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Perhaps the wind of

Perhaps the wind of Yahweh has taken him up and thrown him on a mountain or in a valley What they had witnessed was real: the wind of Yahweh, whose probable meaning we have already examined in the opening of this chapter, took Elijah and physically could have dropped him somewhere in the surrounding area, consisting of mountains and valleys. At first Elisha orders theme not to carry out any search, but then yields to the entreaties of his fellows. The search takes three days, but with no results: Elijah has permanently disappeared, brought to heaven by the chariot of Yahweh. So, this is an announced event, known in advance by the involved parties and therefore planned by the Elohìms who had decided to take Elijah with them. As usual, the episode's concreteness is documented with many details furnished by the story: The journey; the encounters with the prophets' disciples who address surprised questions to Elisha; the crossing of the Jordan along with the followers keeping away from the place where the event is about to occur; the two walking when the chariot interposes; and, finally, the search for Elijah due to the concreteness of the event. One does not search for three days, laboring over hills and dales, to search for someone who has been kidnapped just in a vision or a dream! 25 146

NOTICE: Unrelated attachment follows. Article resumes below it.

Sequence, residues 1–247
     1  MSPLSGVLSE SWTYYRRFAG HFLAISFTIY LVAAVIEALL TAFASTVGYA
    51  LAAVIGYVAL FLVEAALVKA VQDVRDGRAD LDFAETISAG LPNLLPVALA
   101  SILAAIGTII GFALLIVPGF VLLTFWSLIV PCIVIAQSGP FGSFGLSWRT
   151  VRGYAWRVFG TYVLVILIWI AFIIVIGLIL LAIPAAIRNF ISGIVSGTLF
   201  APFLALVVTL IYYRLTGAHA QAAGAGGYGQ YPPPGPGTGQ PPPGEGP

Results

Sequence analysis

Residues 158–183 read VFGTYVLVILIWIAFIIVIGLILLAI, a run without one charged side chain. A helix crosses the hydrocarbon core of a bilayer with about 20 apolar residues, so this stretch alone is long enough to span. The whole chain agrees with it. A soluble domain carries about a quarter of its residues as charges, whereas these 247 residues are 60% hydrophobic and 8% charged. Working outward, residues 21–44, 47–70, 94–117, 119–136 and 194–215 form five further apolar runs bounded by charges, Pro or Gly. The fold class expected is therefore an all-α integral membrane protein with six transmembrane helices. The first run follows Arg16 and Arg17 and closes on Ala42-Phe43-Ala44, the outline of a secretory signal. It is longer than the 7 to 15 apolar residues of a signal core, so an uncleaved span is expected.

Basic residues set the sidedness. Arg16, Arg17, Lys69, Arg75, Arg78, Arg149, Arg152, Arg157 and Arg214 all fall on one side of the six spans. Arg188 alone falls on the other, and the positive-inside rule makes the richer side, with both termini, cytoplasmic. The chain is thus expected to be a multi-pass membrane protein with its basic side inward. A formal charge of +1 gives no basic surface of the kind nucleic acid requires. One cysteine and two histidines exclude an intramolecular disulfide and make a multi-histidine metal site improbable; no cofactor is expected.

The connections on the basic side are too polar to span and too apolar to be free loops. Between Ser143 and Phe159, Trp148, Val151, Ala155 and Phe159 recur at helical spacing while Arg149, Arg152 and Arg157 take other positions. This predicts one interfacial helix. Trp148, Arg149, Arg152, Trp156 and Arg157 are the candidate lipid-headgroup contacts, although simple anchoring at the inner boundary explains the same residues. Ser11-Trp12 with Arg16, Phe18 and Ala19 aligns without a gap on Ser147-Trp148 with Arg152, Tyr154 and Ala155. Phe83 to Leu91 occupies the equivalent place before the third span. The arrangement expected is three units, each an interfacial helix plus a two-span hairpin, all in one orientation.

The Abduction of Enoch The privilege of traveling on the Elohìm's machines was not exclusively Elijah's: in fact the patriarch Enoch had already had the chance! Enoch was the sixth descendant of Adam on the genealogy of Sethites, son of Jared, he in turn fathers Methuselah, Noah's grandfather. Genesis 5:22-24 writes: «and Enoch walked [back and forth] with the Elohìm»; «after having generated Metusclàch [Methuselah] three hundred years»; «and he begat sons and daughters»; «and all days [whole time] of Enoch was three hundred and sixty five years»; «and Enoch walked [back and forth] with the Elohìm»; «and [no more was] he because Elohìm took him away». So, Enoch would have gone away with the Elohìms, without dying: the tradition was evidently widely known and accepted, as it was retrieved in Siracide (44:16) and the New Testament's Epistle to the Hebrews (11:5). It would sound inappropriate to speak of “kidnapping” because the text says twice that Enoch walked with the Elohìms and the verb follows a particular order, which underlines the intensity and repetitiveness of the action. For this reason, the meaning can be effectively represented with the walking “back and forth”: in short, the author tells us that it was a constant and repeated action. Moreover, the book of Genesis is very brief in describing the story, which instead is told in great detail in the apocryphal books of the patriarch. The latter describes the trips he makes accompanied by the angels called “Vigilantes” (a term that recalls the Sumerian Guardians and the Egyptian Neteru...). We briefly analyze them: Enoch ascends to the sky in a wonderful home where he meets God's Great Glory; He is taken to various places, including even underground; He flies in a deserted village, dominated by fire; He then moves in different directions towards the ends of the Earth; 147

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